Apple orchard in Frederick County, 2002
Modern apples grown in Virginia (Malus domestica) evolved in Central Asia and the Caucasus region as Malus sieversii. They are not native to North America, and only crabapple trees are native to Virginia. European settlers brought different varieties to Virginia.
Apple trees will grow on slopes not suitable for crops such as corn and wheat. The Blue Ridge and the Shenandoah Valley in Virginia was the largest apple-growing region in the United States in the early 1800's.
Each farm typically had an orchard. That led to a wide diversity in types of apples, and at the start of the 20th Century commercial orchards grew about 14,000 varieties of apples. A century later at the start of the 21st Century, commercial orchards grew less than 100 varieties. Improved transportation networks facilitated shipping, and led to consolidation of the industry. Roughly 90% of apples sold in stores came from just 11 varieties.1
High costs of labor and imported apple juice from China made commercial production uneconomic, starting particularly in the 1980's.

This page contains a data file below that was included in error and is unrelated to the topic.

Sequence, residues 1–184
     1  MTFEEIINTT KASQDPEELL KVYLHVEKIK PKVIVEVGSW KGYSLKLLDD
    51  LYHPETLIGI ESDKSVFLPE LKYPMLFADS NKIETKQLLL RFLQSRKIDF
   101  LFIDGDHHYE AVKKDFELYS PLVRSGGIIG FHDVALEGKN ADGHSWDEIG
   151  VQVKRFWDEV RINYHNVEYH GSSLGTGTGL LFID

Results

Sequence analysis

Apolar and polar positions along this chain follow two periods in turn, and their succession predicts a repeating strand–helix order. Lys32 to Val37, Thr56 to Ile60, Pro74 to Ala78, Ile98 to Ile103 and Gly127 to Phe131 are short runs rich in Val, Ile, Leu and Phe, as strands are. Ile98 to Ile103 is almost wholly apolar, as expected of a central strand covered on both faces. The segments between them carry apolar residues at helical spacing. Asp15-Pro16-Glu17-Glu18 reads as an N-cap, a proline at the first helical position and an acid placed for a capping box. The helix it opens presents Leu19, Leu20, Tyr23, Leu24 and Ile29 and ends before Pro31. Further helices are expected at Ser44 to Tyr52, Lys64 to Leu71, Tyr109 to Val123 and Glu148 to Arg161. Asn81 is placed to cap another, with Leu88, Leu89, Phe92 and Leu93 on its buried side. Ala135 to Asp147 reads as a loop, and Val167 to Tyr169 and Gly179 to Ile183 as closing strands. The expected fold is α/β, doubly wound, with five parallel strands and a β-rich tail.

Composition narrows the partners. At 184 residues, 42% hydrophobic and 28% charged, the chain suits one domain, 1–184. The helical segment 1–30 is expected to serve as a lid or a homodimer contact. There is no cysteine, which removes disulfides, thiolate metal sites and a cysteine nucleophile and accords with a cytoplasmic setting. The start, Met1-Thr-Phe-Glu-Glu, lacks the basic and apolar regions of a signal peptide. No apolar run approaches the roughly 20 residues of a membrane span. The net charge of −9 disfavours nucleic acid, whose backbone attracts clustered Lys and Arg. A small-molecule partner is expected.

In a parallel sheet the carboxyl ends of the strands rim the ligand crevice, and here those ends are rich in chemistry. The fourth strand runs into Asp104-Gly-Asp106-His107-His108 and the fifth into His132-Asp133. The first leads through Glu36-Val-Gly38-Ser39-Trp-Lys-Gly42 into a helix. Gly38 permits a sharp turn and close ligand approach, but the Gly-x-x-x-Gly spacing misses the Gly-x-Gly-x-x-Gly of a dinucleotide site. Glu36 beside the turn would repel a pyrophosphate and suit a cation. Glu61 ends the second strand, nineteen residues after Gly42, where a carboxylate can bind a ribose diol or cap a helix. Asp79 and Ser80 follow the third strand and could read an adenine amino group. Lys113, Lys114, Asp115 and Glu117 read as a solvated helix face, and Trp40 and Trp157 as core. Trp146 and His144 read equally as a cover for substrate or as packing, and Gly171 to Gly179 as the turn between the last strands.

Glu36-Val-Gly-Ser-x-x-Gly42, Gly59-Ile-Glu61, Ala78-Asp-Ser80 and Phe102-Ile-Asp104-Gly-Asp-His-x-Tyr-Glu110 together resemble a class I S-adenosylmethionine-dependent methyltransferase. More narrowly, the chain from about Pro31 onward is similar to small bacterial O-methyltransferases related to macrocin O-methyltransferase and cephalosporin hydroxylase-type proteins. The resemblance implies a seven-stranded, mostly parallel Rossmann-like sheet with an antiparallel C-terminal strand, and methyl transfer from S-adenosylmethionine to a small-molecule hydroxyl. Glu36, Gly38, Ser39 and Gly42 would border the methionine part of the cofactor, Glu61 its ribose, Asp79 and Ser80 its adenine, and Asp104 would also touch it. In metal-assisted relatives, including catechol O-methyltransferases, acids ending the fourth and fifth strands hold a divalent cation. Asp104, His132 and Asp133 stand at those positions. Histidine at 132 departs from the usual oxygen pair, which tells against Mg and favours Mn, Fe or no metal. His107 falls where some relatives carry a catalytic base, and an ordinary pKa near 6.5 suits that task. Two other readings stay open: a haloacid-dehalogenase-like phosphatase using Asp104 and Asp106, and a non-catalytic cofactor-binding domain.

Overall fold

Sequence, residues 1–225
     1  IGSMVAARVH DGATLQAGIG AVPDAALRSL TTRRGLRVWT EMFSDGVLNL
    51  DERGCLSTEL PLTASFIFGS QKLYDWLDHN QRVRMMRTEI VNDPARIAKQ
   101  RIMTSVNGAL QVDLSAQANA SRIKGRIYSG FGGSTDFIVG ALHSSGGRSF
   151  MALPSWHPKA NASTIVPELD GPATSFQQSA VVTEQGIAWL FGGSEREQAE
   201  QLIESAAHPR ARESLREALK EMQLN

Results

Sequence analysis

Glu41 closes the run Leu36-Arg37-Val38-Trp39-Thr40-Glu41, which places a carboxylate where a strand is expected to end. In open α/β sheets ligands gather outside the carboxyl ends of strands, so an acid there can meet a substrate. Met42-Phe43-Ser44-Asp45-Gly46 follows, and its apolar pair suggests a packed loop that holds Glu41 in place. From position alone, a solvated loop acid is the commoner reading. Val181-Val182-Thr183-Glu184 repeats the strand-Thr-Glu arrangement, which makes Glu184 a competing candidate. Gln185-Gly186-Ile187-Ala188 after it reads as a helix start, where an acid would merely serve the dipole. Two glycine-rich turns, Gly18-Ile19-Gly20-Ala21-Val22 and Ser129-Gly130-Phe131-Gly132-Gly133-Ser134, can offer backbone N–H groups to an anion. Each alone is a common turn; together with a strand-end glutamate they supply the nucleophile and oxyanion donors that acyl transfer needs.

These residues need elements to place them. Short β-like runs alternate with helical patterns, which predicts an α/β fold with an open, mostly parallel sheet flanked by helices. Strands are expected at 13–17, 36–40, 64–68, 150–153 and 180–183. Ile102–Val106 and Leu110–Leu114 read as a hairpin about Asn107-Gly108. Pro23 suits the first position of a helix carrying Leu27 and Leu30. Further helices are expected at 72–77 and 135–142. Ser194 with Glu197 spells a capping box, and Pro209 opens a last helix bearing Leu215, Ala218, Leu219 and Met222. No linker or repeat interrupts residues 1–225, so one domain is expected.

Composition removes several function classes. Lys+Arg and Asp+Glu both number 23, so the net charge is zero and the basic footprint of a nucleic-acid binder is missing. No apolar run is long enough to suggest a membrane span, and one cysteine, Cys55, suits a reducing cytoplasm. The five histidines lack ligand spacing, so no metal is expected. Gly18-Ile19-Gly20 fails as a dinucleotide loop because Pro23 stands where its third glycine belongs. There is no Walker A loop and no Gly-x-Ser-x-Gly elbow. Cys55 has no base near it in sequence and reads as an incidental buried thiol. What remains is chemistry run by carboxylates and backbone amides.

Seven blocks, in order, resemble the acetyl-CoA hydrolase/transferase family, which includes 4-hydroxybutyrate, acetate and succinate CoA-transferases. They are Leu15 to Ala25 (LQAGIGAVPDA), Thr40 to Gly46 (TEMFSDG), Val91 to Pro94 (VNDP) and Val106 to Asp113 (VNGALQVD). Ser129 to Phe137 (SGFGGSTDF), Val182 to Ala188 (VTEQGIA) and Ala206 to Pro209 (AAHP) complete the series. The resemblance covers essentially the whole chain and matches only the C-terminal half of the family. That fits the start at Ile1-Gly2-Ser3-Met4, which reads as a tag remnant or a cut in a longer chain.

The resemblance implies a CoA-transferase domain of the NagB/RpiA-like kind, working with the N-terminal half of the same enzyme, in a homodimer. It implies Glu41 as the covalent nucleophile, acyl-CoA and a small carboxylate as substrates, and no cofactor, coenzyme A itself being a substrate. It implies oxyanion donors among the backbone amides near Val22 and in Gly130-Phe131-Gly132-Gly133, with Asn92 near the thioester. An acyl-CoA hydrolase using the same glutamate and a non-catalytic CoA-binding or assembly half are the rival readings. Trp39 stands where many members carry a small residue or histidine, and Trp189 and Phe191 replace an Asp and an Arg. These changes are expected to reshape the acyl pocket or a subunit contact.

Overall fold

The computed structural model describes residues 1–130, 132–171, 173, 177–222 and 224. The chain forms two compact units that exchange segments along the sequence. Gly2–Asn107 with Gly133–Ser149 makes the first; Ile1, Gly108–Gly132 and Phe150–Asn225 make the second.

Today, the Bowman Andros plant in the Shenandoah Valley still processes Virginia-grown apples. The privately held French-based company, which has 30 plants worldwide, operates three plants at Mount Jackson that produces primarily applesauce snacks for children. In 2019, the company announced plans to replace Plant #3 and build a new facility next to it, upgrading capacity to convert apples into packaged food.2
in the 1930's, Blue Ridge residents grew apples on hillsides with thin soil and dried them for storage
Source: Library of Congress, Drying apples, one of the few sources of income for the mountain folk, Shenandoah National Park, Virginia (by Arthur Rothstein, 1935)
selling apple products at a roadside stand to tourists in the 1930's
Source: Library of Congress, A cider and apple stand on the Lee Highway, Shenandoah National Park, Virginia (by Arthur Rothstein, 1935)
Apples around Winchester are harvested by migrant workers, including some from Jamaica with H-2A visas. They are housed in September-October in a camp operated by the Frederick County Fruit Growers Association. From there, workers are bussed to different orchards to pick apples.3
the Frederick County Fruit Growers Association operates a camp to house migrant workers who pick apples
Source: ESRI, ArcGIS Online
Today here are about 7,500 varieties of apples. Agricultural researchers have sought to preserve and expand the genetic diversity in dedicated orchards. The Plant Genetic Resources Unit of the US Department of Agriculture maintains the Apple, Grape, and Tart Cherry Germplasm Collection at Geneva, New York.4
apples have been a major crop in mountainous areas where row crops were not feasible
Source: Boston Public Library, Tichnor Brothers Postcard Collection, Apple blossom time in Virginia
Apples in Frederick County, 2002